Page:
Smoke Detector Sensitivity Testing
Your fire safety system depends on the accurate detection of smoke by your smoke detectors. In order to ensure your smoke detectors are working properly, and able to protect your people and assets, you must have sensitivity testing completed on a regular basis.
Smoke detectors are designed to function effectively within a specific range of sensitivity to smoke. This range is set by the manufacturer and the devices are required by NFPA to be tested regularly to ensure they remain within it. If a smoke detector is not as sensitive as it should be, then it may not react as quickly as it should to a fire. However, if the smoke detector is too sensitive, then you could have recurring nuisance alarms.
There are several options for performing sensitivity tests on smoke detectors. Sensitivity tests can be conducted by a recognized, calibrated test method with smoke or listed aerosol, or with equipment specifically designed for calibrating sensitivity in smoke detectors. There are listed control equipment arranged to perform sensitivity ranges and calibrated sensitivity test instruments designed by the smoke detector manufacturers. You can also use a combination smoke detector/control unit where the detector causes a signal at the control panel unit when its sensitivity is outside its listed sensitivity ranges.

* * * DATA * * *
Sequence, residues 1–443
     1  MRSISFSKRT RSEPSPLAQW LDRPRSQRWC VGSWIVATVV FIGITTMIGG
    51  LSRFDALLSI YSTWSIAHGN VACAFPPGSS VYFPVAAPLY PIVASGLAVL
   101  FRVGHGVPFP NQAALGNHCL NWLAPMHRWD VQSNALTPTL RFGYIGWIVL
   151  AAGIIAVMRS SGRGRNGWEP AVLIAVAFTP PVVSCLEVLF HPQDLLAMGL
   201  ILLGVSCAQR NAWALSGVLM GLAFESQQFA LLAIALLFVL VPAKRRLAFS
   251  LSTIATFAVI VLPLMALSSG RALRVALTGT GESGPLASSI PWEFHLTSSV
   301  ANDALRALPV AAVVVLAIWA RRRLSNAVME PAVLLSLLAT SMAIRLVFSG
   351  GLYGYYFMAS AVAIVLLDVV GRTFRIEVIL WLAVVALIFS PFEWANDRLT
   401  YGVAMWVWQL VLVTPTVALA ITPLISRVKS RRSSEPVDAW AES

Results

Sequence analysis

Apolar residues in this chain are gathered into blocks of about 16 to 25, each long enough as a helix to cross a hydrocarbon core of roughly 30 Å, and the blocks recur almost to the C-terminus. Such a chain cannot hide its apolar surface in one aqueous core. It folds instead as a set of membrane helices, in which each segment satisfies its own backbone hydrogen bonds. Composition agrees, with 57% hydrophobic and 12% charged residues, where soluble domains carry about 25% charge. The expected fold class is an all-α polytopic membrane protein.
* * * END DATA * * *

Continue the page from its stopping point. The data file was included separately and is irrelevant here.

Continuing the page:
During sensitivity testing, if a detector fails, it will need to be cleaned and retested. Cleaning smoke detectors should be left to your Life Safety Partner, as they will clean the smoke detector screen and chamber using a non-electrostatic vacuum specifically designed to prevent damage to the detector. After cleaning, the detector will be retested, if it fails again then it needs to be removed from service.
Sensitivity testing must be completed within one year of installation and every other year after that. After the second test, if the detector is within its listed sensitivity range for two consecutive tests, then the next sensitivity test is required in five years.
Posted on: May 30, 2017